EU countries urge for “phased approach” to global digital tax talks
The plea comes from Britain, France, Italy and Spain amid ongoing negotiations with US to update cross-border tax rulesEuropost
Britain, France, Italy and Spain suggested a “phased approach” to global digital taxation talks in a joint letter to the US treasury secretary last week, which they said could open the way for a deal this year. The four countries sent the letter, seen by Reuters, to Secretary Steven Mnuchin after he called for a pause in negotiations to update cross-border tax rules for the first time in a generation.
Talks have been taking place at the Organisation for Economic Cooperation and Development.
In the absence of a global deal, Washington has threatened trade retaliation against European countries that create digital taxes as a way to raise revenue from the local operations of big tech companies such as Alphabet Inc’s Google and Facebook Inc.
“We believe that a phased approach, initially focused on automated digital services, would ...make a political agreement within reach this year,” Mnuchin’s European counterparts said.
“It would also pave the way for possible transitional solutions to be discussed with the United States, notably with respect to existing or upcoming national digital service taxes,” they added.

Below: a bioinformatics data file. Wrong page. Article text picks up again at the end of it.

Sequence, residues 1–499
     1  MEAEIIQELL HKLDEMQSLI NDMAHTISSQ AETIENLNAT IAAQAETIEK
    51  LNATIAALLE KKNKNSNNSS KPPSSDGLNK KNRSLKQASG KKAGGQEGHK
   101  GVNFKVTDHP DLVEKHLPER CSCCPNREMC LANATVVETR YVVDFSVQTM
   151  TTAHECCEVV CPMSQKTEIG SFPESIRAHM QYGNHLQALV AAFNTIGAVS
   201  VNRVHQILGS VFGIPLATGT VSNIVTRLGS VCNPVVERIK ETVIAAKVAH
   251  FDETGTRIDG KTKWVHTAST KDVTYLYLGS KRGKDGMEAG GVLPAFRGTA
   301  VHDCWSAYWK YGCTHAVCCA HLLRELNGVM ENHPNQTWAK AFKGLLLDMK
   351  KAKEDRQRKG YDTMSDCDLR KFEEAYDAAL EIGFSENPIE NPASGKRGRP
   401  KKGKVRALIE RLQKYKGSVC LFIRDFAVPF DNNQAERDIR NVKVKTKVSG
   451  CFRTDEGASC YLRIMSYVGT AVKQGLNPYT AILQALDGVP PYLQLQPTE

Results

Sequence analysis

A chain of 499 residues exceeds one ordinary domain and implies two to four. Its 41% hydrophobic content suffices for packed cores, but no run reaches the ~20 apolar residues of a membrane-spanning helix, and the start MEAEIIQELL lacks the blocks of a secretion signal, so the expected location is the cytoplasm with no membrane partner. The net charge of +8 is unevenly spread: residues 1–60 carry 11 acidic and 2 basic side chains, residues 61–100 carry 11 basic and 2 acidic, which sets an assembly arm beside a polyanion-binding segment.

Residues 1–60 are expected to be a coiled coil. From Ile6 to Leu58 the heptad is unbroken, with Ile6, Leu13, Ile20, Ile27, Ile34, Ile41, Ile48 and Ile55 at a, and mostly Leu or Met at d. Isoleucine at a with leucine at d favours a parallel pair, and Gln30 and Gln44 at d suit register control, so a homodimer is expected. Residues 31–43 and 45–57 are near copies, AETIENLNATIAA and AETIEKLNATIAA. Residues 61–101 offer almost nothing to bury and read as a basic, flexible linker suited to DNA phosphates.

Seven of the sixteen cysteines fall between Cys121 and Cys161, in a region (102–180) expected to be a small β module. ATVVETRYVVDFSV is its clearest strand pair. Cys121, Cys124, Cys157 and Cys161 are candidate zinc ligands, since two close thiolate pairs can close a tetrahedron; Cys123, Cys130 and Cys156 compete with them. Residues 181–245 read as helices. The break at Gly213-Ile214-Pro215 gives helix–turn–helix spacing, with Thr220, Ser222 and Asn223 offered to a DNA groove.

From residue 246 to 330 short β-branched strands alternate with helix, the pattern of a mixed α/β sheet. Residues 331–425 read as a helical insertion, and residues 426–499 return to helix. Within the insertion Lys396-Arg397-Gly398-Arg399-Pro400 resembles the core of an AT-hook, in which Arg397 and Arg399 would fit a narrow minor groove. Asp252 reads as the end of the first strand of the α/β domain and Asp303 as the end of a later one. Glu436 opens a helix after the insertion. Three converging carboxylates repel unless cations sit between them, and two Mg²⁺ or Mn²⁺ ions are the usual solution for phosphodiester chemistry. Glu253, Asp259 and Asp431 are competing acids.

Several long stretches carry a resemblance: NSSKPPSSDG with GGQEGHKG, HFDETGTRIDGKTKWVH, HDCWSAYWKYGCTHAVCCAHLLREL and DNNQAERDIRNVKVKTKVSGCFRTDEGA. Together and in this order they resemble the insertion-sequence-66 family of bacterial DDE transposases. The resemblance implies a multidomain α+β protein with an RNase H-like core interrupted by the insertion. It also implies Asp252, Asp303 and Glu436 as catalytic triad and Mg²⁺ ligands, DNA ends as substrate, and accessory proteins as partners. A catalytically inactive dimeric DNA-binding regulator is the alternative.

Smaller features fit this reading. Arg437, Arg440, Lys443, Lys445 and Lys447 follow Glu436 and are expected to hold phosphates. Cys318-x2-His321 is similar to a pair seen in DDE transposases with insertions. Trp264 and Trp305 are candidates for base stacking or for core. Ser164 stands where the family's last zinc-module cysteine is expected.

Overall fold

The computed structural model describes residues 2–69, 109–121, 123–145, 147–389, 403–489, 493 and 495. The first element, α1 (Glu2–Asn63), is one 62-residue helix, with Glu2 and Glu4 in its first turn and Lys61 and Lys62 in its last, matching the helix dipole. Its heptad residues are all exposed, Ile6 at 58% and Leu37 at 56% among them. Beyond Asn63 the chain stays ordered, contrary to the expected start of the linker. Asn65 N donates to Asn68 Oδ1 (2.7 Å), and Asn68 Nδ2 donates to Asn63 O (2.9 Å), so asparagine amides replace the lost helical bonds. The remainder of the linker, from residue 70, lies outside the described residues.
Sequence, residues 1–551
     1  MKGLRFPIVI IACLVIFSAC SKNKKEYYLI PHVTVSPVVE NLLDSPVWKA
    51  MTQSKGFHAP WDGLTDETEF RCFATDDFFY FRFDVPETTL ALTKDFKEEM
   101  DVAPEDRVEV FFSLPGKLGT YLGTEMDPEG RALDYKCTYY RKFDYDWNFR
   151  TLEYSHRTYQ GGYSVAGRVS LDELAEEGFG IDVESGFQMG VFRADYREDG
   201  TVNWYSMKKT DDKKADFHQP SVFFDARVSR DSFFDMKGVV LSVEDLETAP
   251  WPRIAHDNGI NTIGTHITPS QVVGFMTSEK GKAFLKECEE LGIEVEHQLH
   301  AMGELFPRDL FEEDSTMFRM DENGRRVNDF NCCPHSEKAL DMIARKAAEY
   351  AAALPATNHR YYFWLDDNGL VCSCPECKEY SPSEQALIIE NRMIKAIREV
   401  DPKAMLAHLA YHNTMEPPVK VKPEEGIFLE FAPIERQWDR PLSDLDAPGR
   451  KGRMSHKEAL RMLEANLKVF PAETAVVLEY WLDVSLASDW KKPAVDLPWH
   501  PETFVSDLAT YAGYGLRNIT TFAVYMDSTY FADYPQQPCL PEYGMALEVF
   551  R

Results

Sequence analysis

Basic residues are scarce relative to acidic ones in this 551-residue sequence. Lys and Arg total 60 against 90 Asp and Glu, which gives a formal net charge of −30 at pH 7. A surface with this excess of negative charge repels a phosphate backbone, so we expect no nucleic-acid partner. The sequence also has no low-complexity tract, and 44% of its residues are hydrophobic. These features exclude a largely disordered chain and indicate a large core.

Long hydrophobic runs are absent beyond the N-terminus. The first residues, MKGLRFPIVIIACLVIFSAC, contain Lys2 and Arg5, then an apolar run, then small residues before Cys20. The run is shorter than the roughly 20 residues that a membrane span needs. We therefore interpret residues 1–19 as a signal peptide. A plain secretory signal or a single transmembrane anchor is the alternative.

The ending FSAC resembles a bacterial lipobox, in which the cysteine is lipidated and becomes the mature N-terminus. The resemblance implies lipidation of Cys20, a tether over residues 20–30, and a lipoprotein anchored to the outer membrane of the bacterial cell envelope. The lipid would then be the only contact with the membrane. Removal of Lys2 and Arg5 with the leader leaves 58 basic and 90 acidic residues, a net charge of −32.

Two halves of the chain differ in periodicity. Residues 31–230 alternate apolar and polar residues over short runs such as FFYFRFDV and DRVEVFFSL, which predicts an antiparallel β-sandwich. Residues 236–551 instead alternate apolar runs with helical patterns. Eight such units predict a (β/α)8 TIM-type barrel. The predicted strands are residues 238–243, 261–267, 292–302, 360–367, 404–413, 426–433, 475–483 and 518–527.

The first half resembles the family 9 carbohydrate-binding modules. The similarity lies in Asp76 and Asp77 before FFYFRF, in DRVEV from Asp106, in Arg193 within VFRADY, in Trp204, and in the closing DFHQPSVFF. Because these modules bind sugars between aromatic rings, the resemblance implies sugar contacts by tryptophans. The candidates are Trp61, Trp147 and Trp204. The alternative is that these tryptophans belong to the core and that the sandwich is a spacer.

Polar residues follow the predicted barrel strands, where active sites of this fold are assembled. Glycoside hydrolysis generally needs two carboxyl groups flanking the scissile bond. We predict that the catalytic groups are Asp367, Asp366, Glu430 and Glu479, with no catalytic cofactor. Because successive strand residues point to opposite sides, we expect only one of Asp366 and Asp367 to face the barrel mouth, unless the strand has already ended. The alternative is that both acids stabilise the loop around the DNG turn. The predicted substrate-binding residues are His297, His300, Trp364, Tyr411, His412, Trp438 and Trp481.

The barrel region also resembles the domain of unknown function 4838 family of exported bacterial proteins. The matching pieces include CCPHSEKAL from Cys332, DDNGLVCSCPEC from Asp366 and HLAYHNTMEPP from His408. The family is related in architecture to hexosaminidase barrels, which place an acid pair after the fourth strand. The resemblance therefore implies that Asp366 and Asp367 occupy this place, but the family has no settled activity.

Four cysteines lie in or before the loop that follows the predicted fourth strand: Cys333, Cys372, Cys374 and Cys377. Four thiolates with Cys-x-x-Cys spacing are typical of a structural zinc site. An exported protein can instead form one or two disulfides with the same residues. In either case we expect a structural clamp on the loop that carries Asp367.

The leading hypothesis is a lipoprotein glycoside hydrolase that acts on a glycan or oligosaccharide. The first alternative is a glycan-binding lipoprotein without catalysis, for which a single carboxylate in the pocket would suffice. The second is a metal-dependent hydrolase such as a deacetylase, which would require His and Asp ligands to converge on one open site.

Fuelling fears at the OECD of a new trade war, Washington has threatened to impose trade tariffs on French Champagne, handbags and other goods after Paris created its own tax on digital giants last year. Critics say the firms profit enormously from local markets while making only limited contributions to public coffers, but Washington says the taxes discriminate against US firms and has opened trade investigations into the charges in several European countries.
The OECD said last month in an update on the talks’ progress that staged process might be necessary, although a year-end deadline for a deal remained possible.
The news comes days after newswire reported that The European Union’s powerful antitrust and Covid-19 bailout enforcer will push ahead with a regional digital services tax even if the US sticks to its efforts to block a global deal.
In a wide-ranging virtual interview, European Commission Executive Vice President Margrethe Vestager said the EU would “really, really prefer a global consensus” on digital tax, but will push ahead with a regional tax, “if we need to.”
"The new tax is necessary," Vestager argued, "due to the ease with which many large tech companies minimize their European taxes." That makes it “so difficult to defend the many, many, many businesses all over the world who pay their taxes,” she said.
Meanwhile, French Finance Minister Bruno Le Maire told the French Senate this month that the US was the lone holdout on a deal.
“We were a few inches from an agreement,” he told local radio.